• Ventilate when conditions call for it. Ventilate to save the lives of the occupants. Ventilate to protect your crews and make their job safer. Do not be afraid to use vertical ventilation. Do not be afraid to use it often. Vertical ventilation with backdraft conditions is literally the only safe option in regards to ventilation.
  • Require a coordinated attack. Hold that first line until ventilation is near completion. Do not send your first line down the barrel of a loaded gun.
  • Request Conditions, Actions, Needs (CAN) reports frequently if conditions are bad or not improving. CAN reports should be requested from all divisions, interior attack, ventilation, search, etc.
  • Use aerial devices to the fullest potential. A firefighter at the tip ensures that water is always being applied directly on the fire. A firefighter on the tip is also the best set of eyes you have on the fireground. Finally, a firefighter on the tip can tell you if the roof is still intact and aerial operations are not called for at the time or an additional aerial would be required.
  • Assign division officers to additional incoming chiefs as soon as possible.
  • Use chief’s aides to provide additional 360 views and size-up later in the event.
  • Consider your firefighters’ needs during extended incidents. Hydration, food and shelter are basic needs of every human, including your firefighters.
  • Use the equipment you have on scene at your disposal – everything! Allow your firefighters to use everything they have at their disposal as well.

Don’t do this: New command officers should avoid these moves on their first fire

  • Don’t be timid. This can create an atmosphere where officers feel that they can walk around your orders or freelance.
  • Avoid being too restrictive. Give your orders, but allow the officers to do the work their way.
  • Do not move around. Stay at your command post until the incident is declared under control, then you can browse the scene.
  • Never yell. Never yell at the individual company officers. Never yell over the radio. Never show or display a loss of self-control.
  • Don’t assign the wrong crew to a high-risk task. If you happen to know your district or battalion’s abilities, utilize that to your advantage to ensure that the assignment gets accomplished. If you know you are dealing with a weak crew or a crew that rarely trains, do not assign them to search, ventilation or rescue in an extreme environment. Use crews that you know are capable of getting the job done.
  • Do not flow water onto intact roofs or into holes that burn through the roof. This does little in the way of extinguishment and only prolongs the inevitable complete loss.
  • Do not stage companies in or around the command post. Do not leave them staged in their apparatus either. Utilize them in a productive and proactive manner.
  • Do not change modes multiple times. This is a sure sign of a lack of confidence in yourself and your companies. Commit to an operation and go with it. Unless conditions are so extreme, when you choose an offensive mode, continue in that mode until your division officers advise otherwise. I have seen all too often where command officers are timid on the fireground. Switching from offensive to defensive modes three or four times on one incident will raise a red flag. Commit the crews and let them work. Listen to their reports. Let them tell you what the conditions truly are. This includes the use of division officers on the exterior.
  • Do not disregard additional companies or mutual-aid companies too early. Again, a large void space could be concealing a rather large and potentially explosive fire. Make sure your officers have confirmed the absence of such possibilities first.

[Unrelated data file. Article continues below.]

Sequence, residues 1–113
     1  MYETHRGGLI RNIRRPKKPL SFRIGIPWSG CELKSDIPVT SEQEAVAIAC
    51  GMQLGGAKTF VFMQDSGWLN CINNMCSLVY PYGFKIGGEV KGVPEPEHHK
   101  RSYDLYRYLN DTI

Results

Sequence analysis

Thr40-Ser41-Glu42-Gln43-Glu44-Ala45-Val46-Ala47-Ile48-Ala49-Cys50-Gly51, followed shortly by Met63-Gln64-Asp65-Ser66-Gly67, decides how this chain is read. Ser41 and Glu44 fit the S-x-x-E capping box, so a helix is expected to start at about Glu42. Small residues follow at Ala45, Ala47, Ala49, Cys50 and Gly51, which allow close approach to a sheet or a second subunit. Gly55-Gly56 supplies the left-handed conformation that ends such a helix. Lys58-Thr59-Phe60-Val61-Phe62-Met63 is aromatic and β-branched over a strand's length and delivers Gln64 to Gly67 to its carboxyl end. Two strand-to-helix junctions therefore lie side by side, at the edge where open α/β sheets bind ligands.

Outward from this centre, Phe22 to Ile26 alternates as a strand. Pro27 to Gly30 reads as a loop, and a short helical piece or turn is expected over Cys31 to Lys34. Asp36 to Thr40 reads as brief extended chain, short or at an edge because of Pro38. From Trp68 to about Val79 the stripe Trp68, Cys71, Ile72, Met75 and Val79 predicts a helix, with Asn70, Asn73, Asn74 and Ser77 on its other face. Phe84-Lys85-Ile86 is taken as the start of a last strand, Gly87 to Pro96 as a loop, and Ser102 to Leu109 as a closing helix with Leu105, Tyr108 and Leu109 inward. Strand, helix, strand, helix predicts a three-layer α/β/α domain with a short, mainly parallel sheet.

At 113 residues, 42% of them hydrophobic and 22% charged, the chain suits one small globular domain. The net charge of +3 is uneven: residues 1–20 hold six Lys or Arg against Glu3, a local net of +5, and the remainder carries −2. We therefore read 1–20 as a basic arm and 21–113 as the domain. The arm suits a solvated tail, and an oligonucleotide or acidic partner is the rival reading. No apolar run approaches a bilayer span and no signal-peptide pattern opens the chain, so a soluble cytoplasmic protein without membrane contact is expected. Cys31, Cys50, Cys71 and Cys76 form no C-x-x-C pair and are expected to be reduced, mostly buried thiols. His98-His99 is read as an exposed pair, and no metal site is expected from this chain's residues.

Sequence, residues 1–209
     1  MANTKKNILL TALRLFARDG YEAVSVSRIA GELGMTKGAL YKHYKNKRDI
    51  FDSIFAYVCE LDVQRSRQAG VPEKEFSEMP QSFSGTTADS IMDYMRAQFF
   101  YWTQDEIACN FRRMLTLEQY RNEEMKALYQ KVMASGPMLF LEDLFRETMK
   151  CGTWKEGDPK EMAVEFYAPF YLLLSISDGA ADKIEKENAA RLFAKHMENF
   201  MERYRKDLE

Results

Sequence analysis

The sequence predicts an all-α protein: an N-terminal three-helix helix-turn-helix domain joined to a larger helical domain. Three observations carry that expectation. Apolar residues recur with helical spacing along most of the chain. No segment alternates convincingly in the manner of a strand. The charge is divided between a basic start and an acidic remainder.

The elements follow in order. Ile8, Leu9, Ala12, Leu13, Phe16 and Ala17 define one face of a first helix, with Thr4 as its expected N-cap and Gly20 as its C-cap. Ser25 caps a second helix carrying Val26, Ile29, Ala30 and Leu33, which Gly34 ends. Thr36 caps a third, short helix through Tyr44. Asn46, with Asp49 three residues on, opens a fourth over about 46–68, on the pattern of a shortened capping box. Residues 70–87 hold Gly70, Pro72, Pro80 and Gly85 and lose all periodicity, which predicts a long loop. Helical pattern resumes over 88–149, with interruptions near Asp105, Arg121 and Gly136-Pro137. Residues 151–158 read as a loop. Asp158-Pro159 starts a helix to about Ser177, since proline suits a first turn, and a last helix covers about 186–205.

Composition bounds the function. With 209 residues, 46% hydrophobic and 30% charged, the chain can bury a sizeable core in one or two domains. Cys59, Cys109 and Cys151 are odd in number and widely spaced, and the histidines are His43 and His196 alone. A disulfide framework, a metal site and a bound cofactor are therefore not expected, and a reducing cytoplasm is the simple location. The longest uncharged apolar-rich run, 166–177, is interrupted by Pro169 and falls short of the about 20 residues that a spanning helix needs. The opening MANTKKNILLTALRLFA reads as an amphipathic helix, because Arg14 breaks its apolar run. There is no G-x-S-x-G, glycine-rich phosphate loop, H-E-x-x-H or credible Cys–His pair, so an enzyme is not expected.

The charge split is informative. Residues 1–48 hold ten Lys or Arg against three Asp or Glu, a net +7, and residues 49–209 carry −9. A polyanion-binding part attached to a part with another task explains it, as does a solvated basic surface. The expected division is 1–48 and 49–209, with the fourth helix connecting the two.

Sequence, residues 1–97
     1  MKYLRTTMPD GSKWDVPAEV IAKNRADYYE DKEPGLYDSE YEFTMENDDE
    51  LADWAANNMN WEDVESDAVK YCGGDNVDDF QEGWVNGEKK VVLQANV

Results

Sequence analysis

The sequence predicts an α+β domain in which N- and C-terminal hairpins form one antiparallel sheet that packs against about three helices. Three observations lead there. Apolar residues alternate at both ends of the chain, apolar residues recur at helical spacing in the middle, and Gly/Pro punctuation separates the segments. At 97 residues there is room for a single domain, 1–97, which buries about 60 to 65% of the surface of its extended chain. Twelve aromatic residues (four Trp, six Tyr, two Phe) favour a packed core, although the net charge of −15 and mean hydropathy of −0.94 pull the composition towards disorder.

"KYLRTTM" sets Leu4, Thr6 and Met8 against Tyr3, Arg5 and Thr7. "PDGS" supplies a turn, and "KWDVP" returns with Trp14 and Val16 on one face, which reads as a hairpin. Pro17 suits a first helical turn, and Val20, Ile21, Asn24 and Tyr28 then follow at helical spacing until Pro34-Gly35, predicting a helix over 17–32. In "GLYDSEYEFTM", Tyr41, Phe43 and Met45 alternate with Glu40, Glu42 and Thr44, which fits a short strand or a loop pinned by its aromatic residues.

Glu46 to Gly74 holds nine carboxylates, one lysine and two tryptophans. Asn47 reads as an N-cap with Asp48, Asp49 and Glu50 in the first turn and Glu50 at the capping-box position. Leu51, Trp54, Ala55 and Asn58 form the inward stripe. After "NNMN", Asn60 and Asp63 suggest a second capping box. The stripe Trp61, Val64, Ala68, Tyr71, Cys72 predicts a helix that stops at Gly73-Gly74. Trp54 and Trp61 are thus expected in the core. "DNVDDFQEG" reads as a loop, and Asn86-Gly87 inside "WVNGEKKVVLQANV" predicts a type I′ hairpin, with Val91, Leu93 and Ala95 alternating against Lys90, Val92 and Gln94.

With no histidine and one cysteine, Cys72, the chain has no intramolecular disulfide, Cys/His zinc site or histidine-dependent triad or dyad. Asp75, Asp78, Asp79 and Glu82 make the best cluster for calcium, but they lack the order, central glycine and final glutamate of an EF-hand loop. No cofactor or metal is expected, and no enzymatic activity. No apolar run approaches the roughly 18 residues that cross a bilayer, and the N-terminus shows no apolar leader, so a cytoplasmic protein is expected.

• If you have a three-alarm working fire, do not worry about stickers on a firefighter’s helmet or other trivial issues. This is a time to prioritize fireground tactics, not enforce a uniform or equipment guideline.
  • Do not get discouraged when things do not go well. This is, after all, your first fire. This is your wake up, your eye-opener. You just realized you have a long way to go and a lot of work to do with your crews. Understand and use this as a learning opportunity.

After the first fire: Know your role

  • Give credit where credit is due! There is nothing worse than a chief officer who feeds off the success of his officers and firefighters and then leaves them looking for crumbs.
  • If you have to give a post-incident interview, include all the typical interview information, but remember to note how well your firefighters performed.
  • Take the hit. When your firefighters screw up, that’s on you. Own it. However, you will need to correct it with training and disciplinary actions at times.

Expect a fire – and be ready!

As you can see, there is quite a lot to consider for a first fire. Be mindful that this is actually a short list of recommendations. There are many more that will come across the radio during your first fire. Some will be more important than others, but all will require some degree of attention, consideration and action on your part.

Come to work expecting fire. Do your best to prepare for fire. Prepare throughout your shift for fire. You have expectations of your companies. Your companies have expectations of you. And the people who called 911 have high expectations of everyone during the worst time of their lives.

A final note: Remember who you are and what your function is. You are a facilitator and an enabler. Your job is to give assignments. The individual companies make it all happen, not you. Remember that.

This article, originally published on May 1, 2020, has been updated.

Chris DelBello is a 31-year veteran of the fire service. He currently holds the rank of senior captain with the Houston Fire Department, working in the Midtown District. He is also the district training officer, which encompasses all the stations in downtown and midtown, and holds a Training Officer II certification. DelBello also serves as a captain with the Fort Bend County (Texas) Emergency Service District. Connect with DelBello via email.